1. The purpose of this procedure is to determine the chemical compatibility and permeability of liquid hazardous materials packaged in plastic packaging and receptacles. Alternatives for this procedure are permitted as specified in § 173.24(e)(3)(iii) of this subchapter.
2. Compatibility and rate of permeation are determined by subjecting full size plastic containers (or smaller containers as permitted in paragraph 4 of this appendix) and hazardous material lading to one of the following combinations of time and temperature:
a. Test Method 1: 180 days at a temperature no lower than 18 °C. (64 °F.)
b. Test Method 2: 28 days at a temperature no lower than 50 °C. (122 °F.)
c. Test Method 3: 14 days at a temperature no lower than 60 °C. (140 °F.)
3. Regardless of which test method is used, at least three sample containers shall be tested for each combination of hazardous material and size and design of container. Fill containers to rated capacity with the specific hazardous material (at the concentration to be transported) and close as for shipment. For the first and last 24 hours of storage under the selected test method, place the containers with closures downward, except that containers fitted with a vent are so placed on each occasion for five minutes only.
4. For testing under Test Method 2 or 3 in those instances where it is not practicable to use full size containers, smaller containers may be used. The small container shall be manufactured by the same process as the larger container (for example, using the same method of molding and processing temperatures) and be made of identical resins, pigments and additives.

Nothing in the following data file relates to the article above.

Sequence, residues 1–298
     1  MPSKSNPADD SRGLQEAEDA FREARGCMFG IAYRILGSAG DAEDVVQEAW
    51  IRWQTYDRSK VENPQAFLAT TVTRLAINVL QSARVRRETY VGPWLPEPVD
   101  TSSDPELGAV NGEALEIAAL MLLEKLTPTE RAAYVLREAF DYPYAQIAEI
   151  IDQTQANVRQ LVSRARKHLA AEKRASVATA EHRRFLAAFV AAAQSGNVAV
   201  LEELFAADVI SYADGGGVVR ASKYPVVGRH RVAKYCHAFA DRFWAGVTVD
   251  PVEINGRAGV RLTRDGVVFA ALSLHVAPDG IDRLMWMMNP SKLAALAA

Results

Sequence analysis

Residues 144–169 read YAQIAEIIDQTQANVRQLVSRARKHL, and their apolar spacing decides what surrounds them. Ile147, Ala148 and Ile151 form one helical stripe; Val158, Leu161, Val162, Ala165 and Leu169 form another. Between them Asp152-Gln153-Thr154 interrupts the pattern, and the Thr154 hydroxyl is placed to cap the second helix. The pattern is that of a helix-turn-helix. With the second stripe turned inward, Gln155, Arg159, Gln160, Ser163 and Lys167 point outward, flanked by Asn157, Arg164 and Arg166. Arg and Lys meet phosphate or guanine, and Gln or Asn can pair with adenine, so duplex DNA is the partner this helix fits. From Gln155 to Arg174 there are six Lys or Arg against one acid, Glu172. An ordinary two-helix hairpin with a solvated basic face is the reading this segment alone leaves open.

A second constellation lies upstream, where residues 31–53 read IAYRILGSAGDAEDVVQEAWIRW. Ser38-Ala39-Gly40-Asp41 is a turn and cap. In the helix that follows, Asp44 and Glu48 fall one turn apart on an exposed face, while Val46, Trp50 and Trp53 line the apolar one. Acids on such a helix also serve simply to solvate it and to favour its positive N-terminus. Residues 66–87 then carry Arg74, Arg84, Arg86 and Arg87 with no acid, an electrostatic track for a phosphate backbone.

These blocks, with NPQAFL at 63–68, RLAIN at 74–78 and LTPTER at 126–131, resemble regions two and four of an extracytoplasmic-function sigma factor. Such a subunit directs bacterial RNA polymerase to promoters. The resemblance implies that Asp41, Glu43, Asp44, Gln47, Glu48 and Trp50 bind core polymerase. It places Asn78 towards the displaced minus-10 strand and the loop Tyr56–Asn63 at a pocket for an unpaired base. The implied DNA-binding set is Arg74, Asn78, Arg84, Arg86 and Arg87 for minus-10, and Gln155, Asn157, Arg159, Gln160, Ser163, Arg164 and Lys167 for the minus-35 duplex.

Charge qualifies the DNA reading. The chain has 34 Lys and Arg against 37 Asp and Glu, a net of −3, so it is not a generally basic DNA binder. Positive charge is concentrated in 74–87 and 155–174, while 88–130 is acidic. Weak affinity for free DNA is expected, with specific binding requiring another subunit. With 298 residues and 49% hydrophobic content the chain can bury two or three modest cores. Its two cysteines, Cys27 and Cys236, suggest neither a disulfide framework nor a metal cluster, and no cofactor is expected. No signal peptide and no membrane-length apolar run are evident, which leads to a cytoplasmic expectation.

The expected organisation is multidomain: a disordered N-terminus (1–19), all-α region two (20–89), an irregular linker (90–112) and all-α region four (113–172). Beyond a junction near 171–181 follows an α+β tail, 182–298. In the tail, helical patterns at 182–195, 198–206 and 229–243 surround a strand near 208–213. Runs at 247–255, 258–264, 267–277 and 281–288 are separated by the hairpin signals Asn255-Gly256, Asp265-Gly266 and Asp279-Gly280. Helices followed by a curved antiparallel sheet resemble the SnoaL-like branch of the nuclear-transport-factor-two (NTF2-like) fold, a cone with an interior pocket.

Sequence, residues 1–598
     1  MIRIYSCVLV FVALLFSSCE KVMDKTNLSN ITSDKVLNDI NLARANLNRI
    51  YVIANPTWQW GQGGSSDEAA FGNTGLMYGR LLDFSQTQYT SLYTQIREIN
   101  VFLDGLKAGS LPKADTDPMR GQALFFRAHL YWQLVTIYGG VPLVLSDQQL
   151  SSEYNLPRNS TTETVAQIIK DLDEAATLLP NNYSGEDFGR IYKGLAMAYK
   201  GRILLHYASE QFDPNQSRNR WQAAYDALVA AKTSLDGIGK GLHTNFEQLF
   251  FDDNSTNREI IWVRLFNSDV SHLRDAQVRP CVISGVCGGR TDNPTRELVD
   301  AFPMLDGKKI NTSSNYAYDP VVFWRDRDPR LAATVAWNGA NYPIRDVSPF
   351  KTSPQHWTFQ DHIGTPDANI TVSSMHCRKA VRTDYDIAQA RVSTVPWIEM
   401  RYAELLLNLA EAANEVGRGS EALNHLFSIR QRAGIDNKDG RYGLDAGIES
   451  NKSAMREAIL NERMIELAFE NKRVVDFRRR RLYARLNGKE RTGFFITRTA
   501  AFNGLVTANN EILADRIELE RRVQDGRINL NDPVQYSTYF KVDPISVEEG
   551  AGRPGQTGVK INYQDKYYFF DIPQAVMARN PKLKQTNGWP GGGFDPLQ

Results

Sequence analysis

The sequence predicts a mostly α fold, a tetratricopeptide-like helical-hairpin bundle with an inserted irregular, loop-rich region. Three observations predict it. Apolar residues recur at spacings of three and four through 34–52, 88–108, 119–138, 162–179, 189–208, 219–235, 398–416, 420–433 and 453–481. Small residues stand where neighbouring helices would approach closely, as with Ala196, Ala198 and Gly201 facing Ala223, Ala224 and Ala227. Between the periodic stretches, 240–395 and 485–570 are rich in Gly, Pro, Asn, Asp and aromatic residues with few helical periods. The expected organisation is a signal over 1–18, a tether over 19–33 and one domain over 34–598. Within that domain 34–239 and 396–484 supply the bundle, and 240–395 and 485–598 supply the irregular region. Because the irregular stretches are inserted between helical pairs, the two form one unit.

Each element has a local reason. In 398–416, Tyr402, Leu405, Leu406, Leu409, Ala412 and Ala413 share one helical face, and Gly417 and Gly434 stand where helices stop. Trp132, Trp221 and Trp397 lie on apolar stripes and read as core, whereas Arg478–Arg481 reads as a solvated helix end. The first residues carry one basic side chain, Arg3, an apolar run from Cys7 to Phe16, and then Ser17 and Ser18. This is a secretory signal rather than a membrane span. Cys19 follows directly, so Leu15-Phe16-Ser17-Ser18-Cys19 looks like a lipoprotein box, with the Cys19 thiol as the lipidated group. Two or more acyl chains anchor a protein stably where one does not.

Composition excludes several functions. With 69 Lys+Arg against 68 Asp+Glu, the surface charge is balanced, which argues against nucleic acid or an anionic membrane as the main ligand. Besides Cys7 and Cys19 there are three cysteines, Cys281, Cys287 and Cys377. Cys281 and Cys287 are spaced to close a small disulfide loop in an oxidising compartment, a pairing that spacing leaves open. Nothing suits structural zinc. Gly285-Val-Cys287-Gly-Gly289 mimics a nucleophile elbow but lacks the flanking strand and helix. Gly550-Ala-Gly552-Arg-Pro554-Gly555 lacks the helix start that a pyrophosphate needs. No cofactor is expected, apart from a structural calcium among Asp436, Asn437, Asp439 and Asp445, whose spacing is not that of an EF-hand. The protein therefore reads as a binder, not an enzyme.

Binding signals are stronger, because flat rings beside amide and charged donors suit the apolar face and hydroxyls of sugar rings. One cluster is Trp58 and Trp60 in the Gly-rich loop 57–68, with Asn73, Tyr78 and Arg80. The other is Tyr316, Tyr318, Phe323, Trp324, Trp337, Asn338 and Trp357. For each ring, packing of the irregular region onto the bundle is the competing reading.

5. Determine filled container weight or net weight of contents both before and after storage under the selected test method. Rate of permeation is determined from loss of hazardous materials contents, during the conduct of the test, expressed as a percentage of the original weight.
6. After storage under the selected test method, the container shall be drained, rinsed, filled to rated capacity with water and, with filled container at ambient temperature, dropped from a height determined in accordance with § 178.603(e) of this subchapter onto a rigid non-resilient, flat and horizontal surface.
7. Each of the following constitute test failure:
a. Visible evidence of permanent deformation due to vapor pressure build-up or collapse of walls, deterioration, swelling, crazing, cracking, excessive corrosion, oxidization, embrittlement, leakage, rupture or other defects likely to cause premature failure or a hazardous condition.
b. For materials meeting the definition of a poison according to this subchapter, a rate of permeation in excess of 0.5% determined over the test period. For all other hazardous materials, a rate of permeation in excess of 2.0% determined over the test period.